About the Hand Transplantation Program

Hand transplantation, or vascularized composite allotransplantation (VCA), is a rare procedure performed by only a few surgical teams around the world. CHOP’s Hand Transplantation Program was established in 2014 when its first patient, Zion Harvey, was identified as a candidate for the complex surgery.

The Hand Transplantation Program offers:

  • In-depth evaluation of children who could benefit from pediatric hand and upper extremity transplantation
  • Management of the waiting list for eligible patients through the United Network for Organ Sharing (UNOS)
  • Communication with the Gift of Life Donor Program, a nonprofit organ and tissue donation program that serves the eastern half of Pennsylvania, southern New Jersey and Delaware
  • 3D modeling to aid in the selection of appropriate donor limbs
  • Coordinated efforts of multiple specialists to plan for and carry out the procedure
  • Extensive pediatric surgical expertise required to complete the complex hand transplant operation
  • A large support team to facilitate logistics for families and children through evaluation, wait listing, the pre- and post-operative period, and rehabilitation and recovery

Our expert team

The team of attending surgeons who completed the first pediatric bi-lateral hand transplant at CHOP’s Hand Transplant Program had almost 200 years of collective surgical experience.

CHOP’s surgeons, who regularly operate on the tiniest of patients, are also among the best in the world at performing microvascular surgery: This type of surgery — in which sutures finer than a human hair are used to connect arteries, veins and nerves under a microscope — is required to perform hand transplantation.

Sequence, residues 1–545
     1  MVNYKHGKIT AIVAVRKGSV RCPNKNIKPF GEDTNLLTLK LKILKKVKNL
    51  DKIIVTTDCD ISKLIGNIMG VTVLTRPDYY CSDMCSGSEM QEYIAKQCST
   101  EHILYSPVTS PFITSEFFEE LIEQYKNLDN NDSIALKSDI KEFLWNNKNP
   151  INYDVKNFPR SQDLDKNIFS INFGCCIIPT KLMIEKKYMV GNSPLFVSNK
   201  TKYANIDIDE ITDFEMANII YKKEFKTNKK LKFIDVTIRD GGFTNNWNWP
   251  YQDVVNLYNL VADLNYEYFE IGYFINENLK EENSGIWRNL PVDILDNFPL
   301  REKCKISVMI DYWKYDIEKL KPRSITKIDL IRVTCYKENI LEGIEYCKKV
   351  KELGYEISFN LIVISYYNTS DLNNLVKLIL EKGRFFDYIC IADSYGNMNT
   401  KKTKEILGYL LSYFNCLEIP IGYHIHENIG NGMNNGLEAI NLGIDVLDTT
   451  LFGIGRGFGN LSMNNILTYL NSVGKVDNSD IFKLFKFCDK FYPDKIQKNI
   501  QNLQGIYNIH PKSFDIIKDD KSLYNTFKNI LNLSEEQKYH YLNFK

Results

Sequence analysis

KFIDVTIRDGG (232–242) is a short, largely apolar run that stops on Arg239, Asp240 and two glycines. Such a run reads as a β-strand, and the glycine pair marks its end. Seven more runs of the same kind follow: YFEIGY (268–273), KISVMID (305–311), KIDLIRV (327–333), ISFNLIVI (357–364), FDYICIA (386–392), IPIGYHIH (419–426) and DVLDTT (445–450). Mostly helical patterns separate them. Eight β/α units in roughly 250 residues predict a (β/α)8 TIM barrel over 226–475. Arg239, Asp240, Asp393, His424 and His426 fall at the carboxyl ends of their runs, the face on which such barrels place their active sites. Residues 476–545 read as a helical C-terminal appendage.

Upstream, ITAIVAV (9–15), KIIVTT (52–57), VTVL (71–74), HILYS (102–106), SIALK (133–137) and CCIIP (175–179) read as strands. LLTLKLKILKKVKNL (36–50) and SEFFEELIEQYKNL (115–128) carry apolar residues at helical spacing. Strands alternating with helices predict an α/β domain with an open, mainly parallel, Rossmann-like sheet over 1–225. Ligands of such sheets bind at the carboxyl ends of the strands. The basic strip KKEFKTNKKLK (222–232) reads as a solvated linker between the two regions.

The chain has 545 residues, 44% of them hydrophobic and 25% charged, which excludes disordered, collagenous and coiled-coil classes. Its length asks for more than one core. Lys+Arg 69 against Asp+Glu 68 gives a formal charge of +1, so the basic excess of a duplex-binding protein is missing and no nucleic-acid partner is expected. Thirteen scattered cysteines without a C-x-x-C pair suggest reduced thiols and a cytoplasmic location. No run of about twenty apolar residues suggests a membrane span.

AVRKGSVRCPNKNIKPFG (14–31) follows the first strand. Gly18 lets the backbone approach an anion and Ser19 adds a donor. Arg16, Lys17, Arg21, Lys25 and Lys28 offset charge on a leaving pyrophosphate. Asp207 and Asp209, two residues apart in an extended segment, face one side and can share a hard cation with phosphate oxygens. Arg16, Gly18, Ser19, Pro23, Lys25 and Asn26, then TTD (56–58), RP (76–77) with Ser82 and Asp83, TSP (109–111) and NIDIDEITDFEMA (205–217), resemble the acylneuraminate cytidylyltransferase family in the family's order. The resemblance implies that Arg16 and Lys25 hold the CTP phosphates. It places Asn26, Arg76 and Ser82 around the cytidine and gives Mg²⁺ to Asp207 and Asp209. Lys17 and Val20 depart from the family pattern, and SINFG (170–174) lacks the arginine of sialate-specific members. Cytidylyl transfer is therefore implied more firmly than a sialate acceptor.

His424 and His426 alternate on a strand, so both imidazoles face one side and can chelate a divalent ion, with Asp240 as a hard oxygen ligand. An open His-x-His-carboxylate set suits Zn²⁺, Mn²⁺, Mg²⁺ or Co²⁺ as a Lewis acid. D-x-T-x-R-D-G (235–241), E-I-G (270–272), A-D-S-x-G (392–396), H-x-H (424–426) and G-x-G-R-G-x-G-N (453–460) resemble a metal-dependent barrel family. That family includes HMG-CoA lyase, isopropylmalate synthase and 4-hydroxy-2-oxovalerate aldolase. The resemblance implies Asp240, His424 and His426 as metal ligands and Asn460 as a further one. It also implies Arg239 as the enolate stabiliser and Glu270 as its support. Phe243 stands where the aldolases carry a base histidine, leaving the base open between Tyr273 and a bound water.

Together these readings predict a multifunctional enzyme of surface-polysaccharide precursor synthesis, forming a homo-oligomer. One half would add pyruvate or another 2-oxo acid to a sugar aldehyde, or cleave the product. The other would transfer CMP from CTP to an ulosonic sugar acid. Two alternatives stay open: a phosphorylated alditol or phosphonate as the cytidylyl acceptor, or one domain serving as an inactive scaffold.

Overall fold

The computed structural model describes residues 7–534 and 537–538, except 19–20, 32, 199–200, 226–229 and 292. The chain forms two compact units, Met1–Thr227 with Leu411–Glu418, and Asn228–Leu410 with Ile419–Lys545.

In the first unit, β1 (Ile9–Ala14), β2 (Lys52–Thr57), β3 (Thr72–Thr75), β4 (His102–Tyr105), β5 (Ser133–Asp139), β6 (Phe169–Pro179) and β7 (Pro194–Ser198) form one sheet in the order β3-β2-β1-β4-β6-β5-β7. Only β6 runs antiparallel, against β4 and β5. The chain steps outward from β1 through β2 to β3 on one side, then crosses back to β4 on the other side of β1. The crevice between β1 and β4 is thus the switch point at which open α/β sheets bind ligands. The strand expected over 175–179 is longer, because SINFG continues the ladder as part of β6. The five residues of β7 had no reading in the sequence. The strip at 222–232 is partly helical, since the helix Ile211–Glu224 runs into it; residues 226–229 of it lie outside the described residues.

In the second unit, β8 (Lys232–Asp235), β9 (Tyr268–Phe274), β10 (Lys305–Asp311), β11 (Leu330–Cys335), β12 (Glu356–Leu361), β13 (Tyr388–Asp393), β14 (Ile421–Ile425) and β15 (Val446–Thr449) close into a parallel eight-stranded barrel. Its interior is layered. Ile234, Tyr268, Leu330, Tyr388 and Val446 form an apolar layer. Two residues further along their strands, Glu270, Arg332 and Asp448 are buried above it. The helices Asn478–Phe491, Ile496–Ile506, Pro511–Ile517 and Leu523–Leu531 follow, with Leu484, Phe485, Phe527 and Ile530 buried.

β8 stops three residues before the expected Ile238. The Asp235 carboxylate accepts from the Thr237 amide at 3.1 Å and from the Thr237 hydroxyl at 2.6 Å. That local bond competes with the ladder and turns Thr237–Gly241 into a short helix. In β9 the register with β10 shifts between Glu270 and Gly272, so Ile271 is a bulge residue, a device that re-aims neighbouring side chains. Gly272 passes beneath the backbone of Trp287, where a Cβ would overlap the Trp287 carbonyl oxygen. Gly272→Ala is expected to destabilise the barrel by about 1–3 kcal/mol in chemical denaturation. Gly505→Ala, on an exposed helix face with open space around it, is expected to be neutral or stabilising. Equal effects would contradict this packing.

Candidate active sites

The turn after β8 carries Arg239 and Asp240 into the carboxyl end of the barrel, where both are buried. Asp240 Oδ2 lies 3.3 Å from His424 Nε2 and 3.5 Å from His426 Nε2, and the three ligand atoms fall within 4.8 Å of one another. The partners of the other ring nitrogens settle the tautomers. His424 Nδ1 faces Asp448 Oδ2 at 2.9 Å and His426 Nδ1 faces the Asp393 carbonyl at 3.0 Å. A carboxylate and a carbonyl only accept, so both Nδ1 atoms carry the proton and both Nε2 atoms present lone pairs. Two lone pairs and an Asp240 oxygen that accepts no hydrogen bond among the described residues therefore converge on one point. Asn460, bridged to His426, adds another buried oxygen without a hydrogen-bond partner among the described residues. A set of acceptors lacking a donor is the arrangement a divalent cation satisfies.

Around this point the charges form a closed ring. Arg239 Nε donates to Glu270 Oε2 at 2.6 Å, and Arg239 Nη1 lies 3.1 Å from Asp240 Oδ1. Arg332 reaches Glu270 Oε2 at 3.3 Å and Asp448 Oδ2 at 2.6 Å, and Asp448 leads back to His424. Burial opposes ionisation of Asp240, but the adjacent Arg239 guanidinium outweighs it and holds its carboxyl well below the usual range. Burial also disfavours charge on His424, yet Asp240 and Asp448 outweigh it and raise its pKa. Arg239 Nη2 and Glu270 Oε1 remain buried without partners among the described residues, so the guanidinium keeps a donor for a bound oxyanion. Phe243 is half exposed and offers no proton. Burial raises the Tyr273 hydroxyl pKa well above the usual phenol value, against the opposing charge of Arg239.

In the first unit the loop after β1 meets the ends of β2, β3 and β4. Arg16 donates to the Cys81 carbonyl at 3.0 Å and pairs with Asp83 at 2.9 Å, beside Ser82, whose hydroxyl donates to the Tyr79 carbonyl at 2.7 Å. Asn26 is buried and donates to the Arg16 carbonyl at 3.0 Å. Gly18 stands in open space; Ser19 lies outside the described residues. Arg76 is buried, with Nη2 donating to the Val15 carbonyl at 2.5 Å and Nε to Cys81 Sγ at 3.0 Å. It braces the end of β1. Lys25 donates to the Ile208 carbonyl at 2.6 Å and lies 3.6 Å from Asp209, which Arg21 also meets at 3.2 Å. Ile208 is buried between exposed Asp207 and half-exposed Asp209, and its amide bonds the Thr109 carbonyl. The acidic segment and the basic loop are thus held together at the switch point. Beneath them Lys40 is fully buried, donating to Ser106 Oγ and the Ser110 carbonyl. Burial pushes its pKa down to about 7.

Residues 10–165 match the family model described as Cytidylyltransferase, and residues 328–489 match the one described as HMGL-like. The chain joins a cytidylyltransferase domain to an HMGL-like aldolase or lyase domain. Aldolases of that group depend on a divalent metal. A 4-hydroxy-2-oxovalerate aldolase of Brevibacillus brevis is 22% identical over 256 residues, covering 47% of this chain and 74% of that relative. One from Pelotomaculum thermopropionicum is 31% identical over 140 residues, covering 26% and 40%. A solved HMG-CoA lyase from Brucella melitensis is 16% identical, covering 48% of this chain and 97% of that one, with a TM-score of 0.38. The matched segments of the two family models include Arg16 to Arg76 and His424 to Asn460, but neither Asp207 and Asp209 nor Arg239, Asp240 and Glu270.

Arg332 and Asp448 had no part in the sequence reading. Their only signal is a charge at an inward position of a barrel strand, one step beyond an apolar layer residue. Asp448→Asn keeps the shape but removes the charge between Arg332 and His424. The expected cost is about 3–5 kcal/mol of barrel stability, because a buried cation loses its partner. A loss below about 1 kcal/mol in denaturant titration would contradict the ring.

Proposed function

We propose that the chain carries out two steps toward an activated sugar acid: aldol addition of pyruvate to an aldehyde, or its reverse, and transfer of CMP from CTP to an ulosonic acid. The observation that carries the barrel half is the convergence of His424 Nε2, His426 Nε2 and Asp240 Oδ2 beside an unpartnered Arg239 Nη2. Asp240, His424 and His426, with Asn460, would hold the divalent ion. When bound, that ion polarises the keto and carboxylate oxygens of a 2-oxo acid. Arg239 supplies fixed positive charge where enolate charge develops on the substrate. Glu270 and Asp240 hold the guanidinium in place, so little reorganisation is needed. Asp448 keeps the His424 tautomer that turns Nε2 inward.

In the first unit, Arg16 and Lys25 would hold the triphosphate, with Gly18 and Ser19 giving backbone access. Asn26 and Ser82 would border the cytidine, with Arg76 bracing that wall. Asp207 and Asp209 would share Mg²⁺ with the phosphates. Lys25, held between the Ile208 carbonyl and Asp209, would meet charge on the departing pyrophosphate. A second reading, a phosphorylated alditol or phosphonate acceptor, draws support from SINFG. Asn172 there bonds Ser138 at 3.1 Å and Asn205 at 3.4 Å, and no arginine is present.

The team is led by director L. Scott Levin, MD, FACS, who is also chairman of the Department of Orthopaedic Surgery at Penn Medicine and professor of surgery (Division of Plastic, Reconstructive and Oral Surgery) at the Perelman School of Medicine at The University of Pennsylvania. Dr. Levin is a world-renowned expert in the field, having performed Penn’s first bilateral adult hand transplant in 2011.

The hand transplantation procedure also requires the expertise of dozens of non-surgical healthcare professionals in order to support patients and families through the entire experience. These include attending physicians, nursing staff, anesthesiologists, occupational and physical therapists, social workers and psychologists. A 40-member multidisciplinary team participated in the first hand transplantation at CHOP. The Hand Transplantation Program offers cohesive, coordinated care that’s unavailable at other pediatric hospitals. 

Who we treat

The goal of the Hand Transplantation Program is to help children who have undergone unilateral or bilateral amputation of arms or hands to regain function and independence.